“A third problem is that the models must reproduce the natural variabilities of the climate system, which we’ve seen are comparable to the claimed anthropogenic changes. Climate data clearly show coherent behaviors on multi-annual, multi-decadal, and multi-centennial timescales, at least some of which are due to changes in ocean currents and the interaction between the ocean and the atmosphere. Not knowing the state of the ocean decades or centuries ago makes it difficult to correctly choose the model’s starting point. And even if that were possible, there is no guarantee that the model will show the correct variability at the correct times.”

Establishing the starting point for the human influence on the earth’s climate dominated by two fluids with changing exposure to a changing sun, and with other external influences, is a herculean task. The claim that the starting point is the start of the industrial revolution, or the start of a network of instrument measurement (US 1880s) is not sufficient.

To substantiate their fourth statement, the Three Profs use the low confidence the IPCC assigns to understanding weather events since 1951 including floods, droughts, severe weather events, cyclones, etc. One does not create certainty by compounding uncertainty. The Three Profs specifically discuss heat waves, sea level rise, and tropical cyclones. They conclude with:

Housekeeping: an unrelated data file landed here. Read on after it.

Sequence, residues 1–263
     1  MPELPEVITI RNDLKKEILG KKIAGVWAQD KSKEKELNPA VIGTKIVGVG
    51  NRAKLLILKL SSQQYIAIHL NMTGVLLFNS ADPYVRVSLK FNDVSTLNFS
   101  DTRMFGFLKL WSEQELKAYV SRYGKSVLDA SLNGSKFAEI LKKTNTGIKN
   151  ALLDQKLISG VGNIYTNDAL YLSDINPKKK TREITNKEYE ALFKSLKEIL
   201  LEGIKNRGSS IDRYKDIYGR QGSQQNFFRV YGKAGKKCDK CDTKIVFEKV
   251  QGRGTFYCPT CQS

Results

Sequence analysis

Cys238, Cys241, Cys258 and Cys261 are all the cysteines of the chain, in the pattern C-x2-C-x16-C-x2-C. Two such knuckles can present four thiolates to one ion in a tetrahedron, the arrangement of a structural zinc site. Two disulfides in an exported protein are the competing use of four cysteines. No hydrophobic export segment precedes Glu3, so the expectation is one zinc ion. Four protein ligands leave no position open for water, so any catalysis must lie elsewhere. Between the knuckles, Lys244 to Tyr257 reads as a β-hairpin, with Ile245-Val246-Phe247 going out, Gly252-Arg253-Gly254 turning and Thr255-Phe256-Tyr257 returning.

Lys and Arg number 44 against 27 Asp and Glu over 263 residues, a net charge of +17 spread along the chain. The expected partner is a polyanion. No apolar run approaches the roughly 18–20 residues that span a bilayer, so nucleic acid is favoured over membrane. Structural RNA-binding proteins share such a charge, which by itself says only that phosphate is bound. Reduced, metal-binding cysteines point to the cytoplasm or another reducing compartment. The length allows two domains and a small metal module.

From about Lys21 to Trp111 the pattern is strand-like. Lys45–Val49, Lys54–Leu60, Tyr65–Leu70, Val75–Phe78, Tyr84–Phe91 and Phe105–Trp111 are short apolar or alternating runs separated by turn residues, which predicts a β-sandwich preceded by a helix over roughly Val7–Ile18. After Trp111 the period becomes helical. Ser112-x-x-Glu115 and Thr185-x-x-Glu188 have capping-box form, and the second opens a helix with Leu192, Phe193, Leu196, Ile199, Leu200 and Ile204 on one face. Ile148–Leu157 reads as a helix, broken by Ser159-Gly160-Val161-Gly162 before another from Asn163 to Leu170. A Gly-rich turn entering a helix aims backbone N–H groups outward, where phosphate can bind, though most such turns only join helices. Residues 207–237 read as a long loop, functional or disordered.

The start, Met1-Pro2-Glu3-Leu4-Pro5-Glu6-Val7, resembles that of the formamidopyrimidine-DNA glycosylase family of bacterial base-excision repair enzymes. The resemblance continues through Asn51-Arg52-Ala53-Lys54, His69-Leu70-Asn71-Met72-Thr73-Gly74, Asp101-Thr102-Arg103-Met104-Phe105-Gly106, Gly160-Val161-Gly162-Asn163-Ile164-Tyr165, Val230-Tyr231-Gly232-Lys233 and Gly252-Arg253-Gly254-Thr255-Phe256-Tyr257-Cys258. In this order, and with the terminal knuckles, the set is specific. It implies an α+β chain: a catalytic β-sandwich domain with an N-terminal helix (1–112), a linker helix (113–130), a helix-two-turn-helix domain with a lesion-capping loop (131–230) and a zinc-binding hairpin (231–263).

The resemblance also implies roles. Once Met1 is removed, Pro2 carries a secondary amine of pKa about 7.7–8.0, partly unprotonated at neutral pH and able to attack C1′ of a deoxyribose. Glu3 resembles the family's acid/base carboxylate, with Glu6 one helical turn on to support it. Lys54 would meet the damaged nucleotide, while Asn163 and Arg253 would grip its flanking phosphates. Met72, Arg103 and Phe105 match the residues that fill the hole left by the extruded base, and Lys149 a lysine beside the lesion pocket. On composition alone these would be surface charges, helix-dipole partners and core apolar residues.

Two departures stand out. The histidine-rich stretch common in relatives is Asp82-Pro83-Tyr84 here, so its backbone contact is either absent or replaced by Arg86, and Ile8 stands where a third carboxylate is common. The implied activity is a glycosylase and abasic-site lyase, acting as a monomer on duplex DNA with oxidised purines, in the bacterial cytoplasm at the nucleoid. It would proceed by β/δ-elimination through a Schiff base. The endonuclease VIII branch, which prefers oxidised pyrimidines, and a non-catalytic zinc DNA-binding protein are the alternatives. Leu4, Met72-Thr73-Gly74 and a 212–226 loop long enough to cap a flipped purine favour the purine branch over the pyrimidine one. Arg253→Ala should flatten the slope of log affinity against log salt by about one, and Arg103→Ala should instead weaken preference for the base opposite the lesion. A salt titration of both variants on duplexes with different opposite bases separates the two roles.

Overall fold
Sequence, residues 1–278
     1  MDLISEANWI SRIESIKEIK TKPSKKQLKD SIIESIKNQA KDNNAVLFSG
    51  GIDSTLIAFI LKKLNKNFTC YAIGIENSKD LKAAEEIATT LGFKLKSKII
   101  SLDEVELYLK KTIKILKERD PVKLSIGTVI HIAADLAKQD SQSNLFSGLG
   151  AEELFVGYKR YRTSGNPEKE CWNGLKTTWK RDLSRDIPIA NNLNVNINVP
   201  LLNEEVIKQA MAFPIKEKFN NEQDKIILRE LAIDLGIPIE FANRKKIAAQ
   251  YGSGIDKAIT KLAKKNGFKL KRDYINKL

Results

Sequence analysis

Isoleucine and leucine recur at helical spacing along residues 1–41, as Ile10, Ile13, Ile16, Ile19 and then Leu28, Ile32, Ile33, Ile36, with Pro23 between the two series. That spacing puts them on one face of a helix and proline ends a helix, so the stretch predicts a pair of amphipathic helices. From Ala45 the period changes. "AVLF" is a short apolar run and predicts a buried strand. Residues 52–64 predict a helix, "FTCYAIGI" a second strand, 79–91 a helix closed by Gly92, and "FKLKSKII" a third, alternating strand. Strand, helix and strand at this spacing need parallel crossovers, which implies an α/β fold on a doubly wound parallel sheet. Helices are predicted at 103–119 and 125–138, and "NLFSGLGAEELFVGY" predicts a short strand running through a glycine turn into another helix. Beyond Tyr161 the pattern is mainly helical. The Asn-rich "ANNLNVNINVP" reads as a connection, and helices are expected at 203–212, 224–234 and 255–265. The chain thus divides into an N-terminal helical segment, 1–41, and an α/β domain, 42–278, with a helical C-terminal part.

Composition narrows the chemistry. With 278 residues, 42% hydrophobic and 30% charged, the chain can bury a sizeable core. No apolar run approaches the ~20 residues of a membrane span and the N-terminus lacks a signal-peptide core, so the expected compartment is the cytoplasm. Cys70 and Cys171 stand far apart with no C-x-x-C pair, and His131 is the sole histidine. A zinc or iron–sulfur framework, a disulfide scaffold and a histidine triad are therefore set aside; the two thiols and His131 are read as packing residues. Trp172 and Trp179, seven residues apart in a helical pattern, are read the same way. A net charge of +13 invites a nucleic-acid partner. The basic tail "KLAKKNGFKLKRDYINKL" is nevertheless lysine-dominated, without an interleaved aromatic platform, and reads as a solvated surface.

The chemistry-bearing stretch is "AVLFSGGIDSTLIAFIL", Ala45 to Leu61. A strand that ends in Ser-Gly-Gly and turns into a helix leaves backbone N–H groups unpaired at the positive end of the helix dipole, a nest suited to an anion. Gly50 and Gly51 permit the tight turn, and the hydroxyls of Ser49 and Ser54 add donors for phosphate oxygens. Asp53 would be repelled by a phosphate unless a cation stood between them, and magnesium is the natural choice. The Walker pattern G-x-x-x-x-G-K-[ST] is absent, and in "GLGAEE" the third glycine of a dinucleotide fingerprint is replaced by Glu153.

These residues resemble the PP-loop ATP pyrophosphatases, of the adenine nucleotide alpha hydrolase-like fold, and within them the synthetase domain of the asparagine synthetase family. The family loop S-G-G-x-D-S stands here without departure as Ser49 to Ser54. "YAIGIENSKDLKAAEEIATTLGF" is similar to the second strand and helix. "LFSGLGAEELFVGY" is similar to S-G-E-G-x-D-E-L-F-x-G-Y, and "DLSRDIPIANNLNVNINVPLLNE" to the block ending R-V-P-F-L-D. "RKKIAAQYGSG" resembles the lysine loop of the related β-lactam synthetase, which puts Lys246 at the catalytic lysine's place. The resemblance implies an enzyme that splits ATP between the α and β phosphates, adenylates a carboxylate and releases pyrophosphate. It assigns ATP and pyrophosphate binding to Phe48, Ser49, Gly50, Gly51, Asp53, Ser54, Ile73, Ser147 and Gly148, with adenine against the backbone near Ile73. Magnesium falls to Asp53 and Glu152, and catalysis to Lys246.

“To summarize this overview, the historical and geological record suggests recent changes in the climate over the past century are within the bounds of natural variability. Human influences on the climate (largely the accumulation of CO2 from fossil fuel combustion) are a physically small (1%) effect on a complex, chaotic, multicomponent and multiscale system. Unfortunately, the data and our understanding are insufficient to usefully quantify the climate’s response to human influences. However, even as human influences have quadrupled since 1950, severe weather phenomena and sea level rise show no significant trends attributable to them. Projections of future climate and weather events rely on models demonstrably unfit for the purpose. As a result, rising levels of CO2 do not obviously pose an immediate, let alone imminent, threat to the earth’s climate.”

After this, the Three Profs follow with answers to the eight questions. It will be interesting to learn how the judge will address this amicus brief. See links under Challenging the Orthodoxy.


Spencer – Use Clear Terminology: For years, meteorologist William Kininmonth of Australia has asserted that incorrect terminology is being used by the IPCC, which leads to vague or sloppy thinking. The issue of carbon dioxide-caused warming should be studied from the perspective of energy flows through the atmosphere. In assessing the amicus brief of Christopher Monckton, et al., Roy Spencer suggests the terms “feedback” and “forcing” are vague and poorly understood. They are not needed for describing the climate system or for modeling that system. The issue is energy flows: is the system in energy equilibrium?